Eskom may be 'too big to fail' - but it's not alone

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It’s been a rough ride for Eskom, the country's state-owned electricity behemoth.

Rolling blackouts due to aging infrastructure have shaved as much as 1.1 percentage point from the nation’s economic growth, and a debt load of almost R500bn is putting the nation’s fiscal path and credit ratings at risk.

It’s no wonder that Goldman Sachs described Eskom as the single biggest threat to the country’s economy. Yet South Africa isn’t alone. Across Latin America and Eastern Europe, companies that are seemingly too big to fail are weighing down nations they were once meant to support.

Mexico

Petroleos Mexicanos holds the dubious title of the world’s most indebted major oil company, struggling under a $106.5 billion burden that might even make an Eskom executive gasp.

The quandary, for the government and Pemex investors alike, is that while Mexico doesn’t explicitly guarantee the company’s debt, it does rely on the firm for almost 20% of its budget revenue.

President Andres Manuel Lopez Obrador has unveiled a raft of support measures, including a crackdown on fuel theft, but investors so far remain unconvinced. To them, Lopez Obrador’s path to reversing more than a decade of production and revenue declines is unclear - and that concern may jeopardise Mexico’s sovereign rating. On Thursday, a document showed Mexico is seeking as much as 138.7 billion pesos ($7.3 billion) worth of tax breaks for the debt-laden state driller in 2020 and 2021. 

Chile

Chile is grappling with a similar issue - albeit on a smaller scale - with Corp Nacional del Cobre de Chile. The world’s largest copper producer, known as Codelco, has warned that it faces a severe output slump if it doesn’t invest more than $20 billion. While President Sebastian Pinera hasn’t offered new funding, Chief Executive Officer Nelson Pizarro has said that a lack of government support could swell Codelco’s debt to $21 billion from $15.5 billion now.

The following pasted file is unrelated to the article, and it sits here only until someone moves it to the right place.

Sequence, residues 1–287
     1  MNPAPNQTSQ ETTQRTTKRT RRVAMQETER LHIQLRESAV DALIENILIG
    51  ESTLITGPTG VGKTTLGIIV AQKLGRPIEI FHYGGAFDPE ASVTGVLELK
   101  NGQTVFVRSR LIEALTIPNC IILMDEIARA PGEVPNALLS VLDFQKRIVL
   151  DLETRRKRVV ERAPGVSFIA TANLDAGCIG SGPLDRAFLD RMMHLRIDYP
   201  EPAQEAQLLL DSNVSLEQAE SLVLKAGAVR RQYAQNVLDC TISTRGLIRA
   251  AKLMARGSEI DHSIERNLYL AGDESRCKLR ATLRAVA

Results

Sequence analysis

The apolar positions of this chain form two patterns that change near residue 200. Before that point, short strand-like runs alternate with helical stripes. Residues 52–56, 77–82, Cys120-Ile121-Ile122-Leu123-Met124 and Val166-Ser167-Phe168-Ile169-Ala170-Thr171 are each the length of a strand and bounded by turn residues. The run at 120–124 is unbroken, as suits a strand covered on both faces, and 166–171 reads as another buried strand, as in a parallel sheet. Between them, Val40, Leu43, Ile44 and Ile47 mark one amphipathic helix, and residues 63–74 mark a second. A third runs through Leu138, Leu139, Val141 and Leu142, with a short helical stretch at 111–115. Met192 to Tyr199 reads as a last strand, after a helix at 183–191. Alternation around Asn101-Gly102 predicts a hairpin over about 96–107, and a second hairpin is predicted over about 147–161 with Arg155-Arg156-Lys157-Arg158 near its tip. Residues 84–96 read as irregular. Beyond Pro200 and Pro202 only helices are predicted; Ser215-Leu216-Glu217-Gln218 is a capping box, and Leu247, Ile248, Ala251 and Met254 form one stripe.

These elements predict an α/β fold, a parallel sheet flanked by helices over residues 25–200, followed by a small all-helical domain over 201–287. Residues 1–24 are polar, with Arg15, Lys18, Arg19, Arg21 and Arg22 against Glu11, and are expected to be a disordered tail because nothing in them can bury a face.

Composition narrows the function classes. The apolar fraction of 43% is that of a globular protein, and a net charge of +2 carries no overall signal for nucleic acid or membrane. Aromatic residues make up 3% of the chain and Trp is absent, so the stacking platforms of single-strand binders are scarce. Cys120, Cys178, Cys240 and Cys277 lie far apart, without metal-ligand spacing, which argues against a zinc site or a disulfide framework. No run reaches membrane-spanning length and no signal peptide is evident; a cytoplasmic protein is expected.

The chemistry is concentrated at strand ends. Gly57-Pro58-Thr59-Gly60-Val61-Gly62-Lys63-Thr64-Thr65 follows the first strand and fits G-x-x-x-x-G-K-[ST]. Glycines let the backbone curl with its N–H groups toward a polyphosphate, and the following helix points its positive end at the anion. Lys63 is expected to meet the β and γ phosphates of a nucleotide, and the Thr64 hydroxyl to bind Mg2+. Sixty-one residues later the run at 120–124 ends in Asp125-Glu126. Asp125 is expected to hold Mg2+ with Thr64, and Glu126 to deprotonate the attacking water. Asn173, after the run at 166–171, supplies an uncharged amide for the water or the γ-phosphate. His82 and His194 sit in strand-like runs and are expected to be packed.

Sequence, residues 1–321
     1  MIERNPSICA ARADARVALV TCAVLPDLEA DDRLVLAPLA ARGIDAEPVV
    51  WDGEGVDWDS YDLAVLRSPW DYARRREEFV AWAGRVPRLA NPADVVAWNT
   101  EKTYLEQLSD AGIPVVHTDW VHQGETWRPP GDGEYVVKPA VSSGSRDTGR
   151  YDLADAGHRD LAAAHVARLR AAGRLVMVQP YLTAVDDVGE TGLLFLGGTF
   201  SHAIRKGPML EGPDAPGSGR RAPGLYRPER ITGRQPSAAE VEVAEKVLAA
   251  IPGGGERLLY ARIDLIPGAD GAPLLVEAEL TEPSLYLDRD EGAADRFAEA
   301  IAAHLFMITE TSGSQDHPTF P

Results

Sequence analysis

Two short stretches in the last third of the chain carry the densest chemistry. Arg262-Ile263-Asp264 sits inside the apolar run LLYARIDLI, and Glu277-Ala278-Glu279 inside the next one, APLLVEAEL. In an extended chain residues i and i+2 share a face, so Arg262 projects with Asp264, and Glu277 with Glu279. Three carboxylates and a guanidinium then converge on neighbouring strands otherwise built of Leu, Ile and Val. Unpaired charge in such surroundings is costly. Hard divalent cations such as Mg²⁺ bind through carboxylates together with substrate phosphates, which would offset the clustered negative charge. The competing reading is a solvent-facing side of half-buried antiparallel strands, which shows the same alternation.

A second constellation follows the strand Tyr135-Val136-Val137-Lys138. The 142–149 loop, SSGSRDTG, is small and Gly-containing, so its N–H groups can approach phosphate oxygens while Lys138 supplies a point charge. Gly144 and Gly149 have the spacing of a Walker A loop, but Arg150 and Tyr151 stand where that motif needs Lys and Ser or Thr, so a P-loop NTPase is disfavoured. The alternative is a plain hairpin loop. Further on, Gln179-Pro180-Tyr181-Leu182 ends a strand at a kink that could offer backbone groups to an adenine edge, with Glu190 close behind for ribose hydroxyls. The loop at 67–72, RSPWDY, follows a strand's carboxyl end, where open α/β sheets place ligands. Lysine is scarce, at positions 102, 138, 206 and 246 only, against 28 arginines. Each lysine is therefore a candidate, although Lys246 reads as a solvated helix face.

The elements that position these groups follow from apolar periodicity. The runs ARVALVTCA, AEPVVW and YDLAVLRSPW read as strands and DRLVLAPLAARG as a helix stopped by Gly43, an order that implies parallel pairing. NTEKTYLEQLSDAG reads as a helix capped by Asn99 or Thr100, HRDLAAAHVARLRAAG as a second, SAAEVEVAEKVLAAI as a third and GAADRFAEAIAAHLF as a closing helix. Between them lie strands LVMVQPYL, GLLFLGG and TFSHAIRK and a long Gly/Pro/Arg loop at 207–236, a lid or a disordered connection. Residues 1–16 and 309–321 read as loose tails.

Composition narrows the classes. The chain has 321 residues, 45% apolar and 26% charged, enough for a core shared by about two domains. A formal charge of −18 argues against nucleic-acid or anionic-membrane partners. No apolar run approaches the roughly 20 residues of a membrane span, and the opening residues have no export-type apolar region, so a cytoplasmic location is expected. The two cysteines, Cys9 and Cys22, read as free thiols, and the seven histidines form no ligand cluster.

Ukraine

Ukraine’s Privatbank wasn’t state-owned to begin with. Yet it became the government’s problem when the central bank unearthed a $5.6 billion capital hole in the nation’s biggest lender in 2016. The bank was nationalised in a takeover coordinated with the International Monetary Fund, Ukraine’s main creditor.

Almost three years later, the government has failed to recover any losses from the two Ukrainian oligarchs who used to own the bank and who are now challenging the takeover in the nation’s courts. A judge in Kiev ruled that the government’s takeover of Privatbank was illegal. There’s no immediate impact on ownership because that decision is being appealed.

Croatia

Retail group Agrokor, renamed Fortenova Grupa d.d. this year amid its ongoing overhaul, threatened the economic and political stability of Croatia and its neighbors when debt-fueled expansion pushed it into state-run restructuring two years ago.

The company, at its height the biggest in the former Yugoslavia, risked toppling a vast network of subsidiaries and suppliers from Hungary to North Macedonia before the government in Zagreb and international creditors stepped in.

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